NAPA, Calif. — In the Olympic Games boxing tournament last summer, there were 345 bouts. Six months have passed, but the best of them all is still a vivid memory for those who were there.
It wasn't Dempsey-Firpo. It wasn't Louis-Schmeling. It wasn't Robinson-Basilio, or any of the other memorable pro fights. But it might have been the most exciting Olympic bout ever.
For the Record
Los Angeles Times Tuesday April 9, 1985 Home Edition Sports Part 3 Page 9 Column 2 Sports Desk 2 inches; 61 words Type of Material: Correction
A photograph of golfer Denise Strebig was incorrectly identified as Lauri Peterson in Monday's editions of The Times, and a photo of a boxer identified as Olympian Virgil Hill was not Hill.
In the Monday Morning story on announcer Vin Scully, it was erroneously written that the George Washington Bridge is located in Brooklyn. The George Washington Bridge spans the Hudson River, connecting Manhattan and the Bronx with New Jersey.
It was a matchup of a couple of powerful, fearless little guys--South Korea's Moon Sung Kil and Robert Shannon of the United States. The two bantamweights were toe to toe for almost the entire fight, about 7 1/2 minutes, and had the crowd of 9,814 standing throughout.
When it ended, with 1 minute 46 seconds left in the third round, Moon Sung Kil was the exhausted winner, sitting on a stool in his corner. Shannon was in tears, his head on U.S. coach Pat Nappi's shoulder. It was the first American defeat in 17 Olympic bouts.
Both boxers had ignored caution and fear. Both landed savage punches. Neither backed up a step. Moon put Shannon on the deck twice, in the second and third. But after each knockdown, Shannon got up and rocked the muscular South Korean, thereby turning up the volume of the standing, roaring crowd.
It was 7 1/2 minutes of sustained excitement. In the middle of the battle, an usher remarked: "My God, can you believe these two guys?"
Afterward, Col. Don Hull, the International Amateur Boxing Assn. president who had seen every Olympic tournament since 1932, said: "This was one of the great Olympic bouts."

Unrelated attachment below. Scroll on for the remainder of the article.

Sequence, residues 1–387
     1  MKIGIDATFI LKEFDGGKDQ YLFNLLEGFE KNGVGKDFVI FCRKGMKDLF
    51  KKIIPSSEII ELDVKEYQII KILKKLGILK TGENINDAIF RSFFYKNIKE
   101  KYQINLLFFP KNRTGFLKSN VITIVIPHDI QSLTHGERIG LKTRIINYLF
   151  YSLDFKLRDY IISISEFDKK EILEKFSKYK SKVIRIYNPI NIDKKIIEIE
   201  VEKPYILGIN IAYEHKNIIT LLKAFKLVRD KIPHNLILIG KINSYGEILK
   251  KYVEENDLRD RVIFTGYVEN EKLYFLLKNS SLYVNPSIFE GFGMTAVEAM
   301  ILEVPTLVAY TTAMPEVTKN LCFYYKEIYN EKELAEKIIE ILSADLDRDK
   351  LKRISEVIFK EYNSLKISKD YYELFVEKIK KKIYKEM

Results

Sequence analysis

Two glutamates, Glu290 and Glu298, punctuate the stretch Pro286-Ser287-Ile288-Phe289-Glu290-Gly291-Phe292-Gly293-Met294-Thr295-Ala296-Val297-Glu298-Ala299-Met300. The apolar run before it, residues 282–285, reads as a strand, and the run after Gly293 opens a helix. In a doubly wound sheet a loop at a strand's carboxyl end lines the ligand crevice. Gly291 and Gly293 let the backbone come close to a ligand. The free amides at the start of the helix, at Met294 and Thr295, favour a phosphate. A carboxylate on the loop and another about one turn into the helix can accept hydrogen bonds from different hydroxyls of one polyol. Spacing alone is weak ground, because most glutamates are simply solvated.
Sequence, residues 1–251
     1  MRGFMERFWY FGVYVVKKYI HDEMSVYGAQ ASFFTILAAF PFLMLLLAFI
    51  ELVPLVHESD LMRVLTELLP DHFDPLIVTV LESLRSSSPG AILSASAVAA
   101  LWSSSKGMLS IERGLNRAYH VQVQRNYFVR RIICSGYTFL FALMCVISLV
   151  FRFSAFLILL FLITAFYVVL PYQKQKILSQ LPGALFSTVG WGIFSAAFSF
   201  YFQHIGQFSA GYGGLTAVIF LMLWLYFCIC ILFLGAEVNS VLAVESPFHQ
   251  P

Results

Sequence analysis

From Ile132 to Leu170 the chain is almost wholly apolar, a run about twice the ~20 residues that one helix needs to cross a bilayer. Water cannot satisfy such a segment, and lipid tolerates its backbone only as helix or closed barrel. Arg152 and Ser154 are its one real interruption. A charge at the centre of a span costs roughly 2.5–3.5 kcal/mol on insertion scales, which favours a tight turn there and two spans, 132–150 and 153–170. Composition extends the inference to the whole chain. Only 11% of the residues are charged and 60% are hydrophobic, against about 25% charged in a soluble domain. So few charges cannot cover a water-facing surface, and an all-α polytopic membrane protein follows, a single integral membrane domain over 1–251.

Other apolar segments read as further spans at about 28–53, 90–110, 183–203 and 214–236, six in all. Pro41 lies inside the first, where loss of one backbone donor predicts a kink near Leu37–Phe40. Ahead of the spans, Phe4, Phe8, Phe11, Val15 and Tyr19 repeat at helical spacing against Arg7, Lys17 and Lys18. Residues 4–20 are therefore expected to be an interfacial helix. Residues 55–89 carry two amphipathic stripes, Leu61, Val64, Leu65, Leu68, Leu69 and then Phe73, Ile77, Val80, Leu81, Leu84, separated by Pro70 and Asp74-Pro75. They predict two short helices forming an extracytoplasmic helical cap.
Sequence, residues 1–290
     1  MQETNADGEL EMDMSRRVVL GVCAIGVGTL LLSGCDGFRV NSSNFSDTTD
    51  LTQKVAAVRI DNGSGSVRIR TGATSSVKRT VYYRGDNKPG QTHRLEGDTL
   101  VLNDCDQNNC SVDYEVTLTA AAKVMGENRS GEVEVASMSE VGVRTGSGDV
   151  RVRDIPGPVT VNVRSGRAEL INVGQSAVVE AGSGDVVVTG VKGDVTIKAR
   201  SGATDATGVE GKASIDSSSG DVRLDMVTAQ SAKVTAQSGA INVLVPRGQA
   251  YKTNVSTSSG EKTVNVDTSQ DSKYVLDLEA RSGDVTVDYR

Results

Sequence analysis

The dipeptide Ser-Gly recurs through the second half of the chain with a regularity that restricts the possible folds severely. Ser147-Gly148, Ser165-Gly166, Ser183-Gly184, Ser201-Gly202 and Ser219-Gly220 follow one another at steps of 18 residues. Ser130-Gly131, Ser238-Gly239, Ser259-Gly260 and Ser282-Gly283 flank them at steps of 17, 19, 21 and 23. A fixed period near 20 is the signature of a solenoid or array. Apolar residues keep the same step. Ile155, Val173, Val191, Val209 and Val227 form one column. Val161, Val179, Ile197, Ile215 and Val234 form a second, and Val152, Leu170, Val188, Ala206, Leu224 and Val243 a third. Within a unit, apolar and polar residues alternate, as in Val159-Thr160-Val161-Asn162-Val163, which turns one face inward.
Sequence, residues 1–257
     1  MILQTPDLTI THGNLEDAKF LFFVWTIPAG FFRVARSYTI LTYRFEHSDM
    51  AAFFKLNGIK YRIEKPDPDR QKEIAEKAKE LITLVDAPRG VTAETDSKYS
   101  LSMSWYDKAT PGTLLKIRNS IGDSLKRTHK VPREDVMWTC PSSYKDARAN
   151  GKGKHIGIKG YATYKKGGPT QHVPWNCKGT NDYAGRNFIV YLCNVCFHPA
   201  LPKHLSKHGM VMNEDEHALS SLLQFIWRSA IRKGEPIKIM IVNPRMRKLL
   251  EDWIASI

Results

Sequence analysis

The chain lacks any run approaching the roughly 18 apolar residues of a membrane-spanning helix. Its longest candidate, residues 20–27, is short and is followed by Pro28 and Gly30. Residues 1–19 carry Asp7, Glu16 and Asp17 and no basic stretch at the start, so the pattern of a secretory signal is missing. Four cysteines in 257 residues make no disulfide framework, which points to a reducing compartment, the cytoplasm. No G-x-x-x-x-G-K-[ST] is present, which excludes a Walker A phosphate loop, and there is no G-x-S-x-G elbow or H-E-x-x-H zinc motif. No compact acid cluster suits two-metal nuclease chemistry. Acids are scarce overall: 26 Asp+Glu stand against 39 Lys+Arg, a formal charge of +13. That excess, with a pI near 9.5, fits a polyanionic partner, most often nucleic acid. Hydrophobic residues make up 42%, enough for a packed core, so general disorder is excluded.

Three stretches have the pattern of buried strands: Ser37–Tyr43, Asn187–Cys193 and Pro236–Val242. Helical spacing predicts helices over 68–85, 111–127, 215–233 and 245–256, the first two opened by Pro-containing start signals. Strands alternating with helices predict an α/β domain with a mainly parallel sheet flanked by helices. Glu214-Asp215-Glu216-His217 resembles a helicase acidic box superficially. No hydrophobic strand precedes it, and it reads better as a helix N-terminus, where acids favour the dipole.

As days went by after his defeat, Shannon's pain grew. His teammates went on to win 36 more bouts, 9 gold medals, a silver and a bronze. When it was over, Shannon was left as the answer to an Olympic trivia question: "Name the only member of the 1984 U.S. Olympic boxing team \o7 not\f7 to win a medal."
It is seven months later. Some of Shannon's teammates--Mark Breland, Evander Holyfield, Meldrick Taylor and Pernell Whitaker--have multimillion-dollar contracts. They box in big-time arenas, such as Madison Square Garden, sleep in the best hotels and travel by jet.
Then there is Shannon, who says he learned to fight before any of them, because he had to.
Shannon, of Everett, Wash., sat in a motel coffee shop here recently and talked about the Olympics and his young pro career. The next night, he earned $600 for boxing a little-known opponent at the Solano County fairgrounds in Vallejo.
"I don't dwell on it (the loss to Moon) much," he said. "What's done is done.
"I look at it as a learning experience. I'd always considered myself a slugger in the amateurs. I was always a little bit stronger than my opponents.
"But I learned in that bout you just can't go out there and slug with everyone. Eventually, you'll meet someone who hits as hard as you do. I learned a lot about patience that day."
Lack of patience might have cost Shannon a medal. Before the referee stopped the bout, Shannon was ahead on four of the five scorecards.
In the end, though, he was beaten by his rage. When Moon hurt him, he lashed out furiously, instead of employing sensible retreat, and wore himself out. It was vintage Shannon. His heart was in full flame, but his legs were gone.
Said Loring Baker, president of the USA Amateur Boxing Federation: "Shannon had the fight won, if he'd stayed away from the guy. But he went ape."
Troy Summers, who has trained Shannon since Shannon was 15, partly blames Nappi for Shannon's defeat, claiming that the Olympic coach should have been concentrating on reviving Shannon between the second and third rounds.
"Look at the videotape of the fight," Summers said. "Nappi's talking to him about what to do in the third, but Robert is still hurt and Nappi can't see that. Look at Robert's eyes, they're still glazed over. Robert was still stunned afterward, after he was out of the ring."
That Shannon was even in the Olympics was something of a surprise. Six months before the Games, he wasn't regarded as one of the top two or three U.S. bantamweights. But he came on with a rush during the team selection process, capping it in Las Vegas with a stunning knockout of Floyd Favors, a world champion.
Shannon, a natural left-hander, converted to a right-hander when he turned pro. Before his recent bout in Vallejo, he'd won three straight pro bouts by knockout, in the first, second and third rounds.
Said Summers: "It hasn't been a difficult switch for Robert. In fact, he's almost ambidextrous. I think his balance is better right-handed. And I think because of his strength, he'll be a successful pro."
Shannon, 22, was a championship-level high school, wrestler and occasionally trains with weights, unusual among boxers. In Las Vegas last July, after he'd made the Olympic team, he proudly boasted: "I'm the strongest bantamweight in the world, amateur or pro."
Summers said: "There are so many rules in the amateurs, some of the bouts look like a referee's clinic. But in the pros, you can be a lot more physical, particularly inside.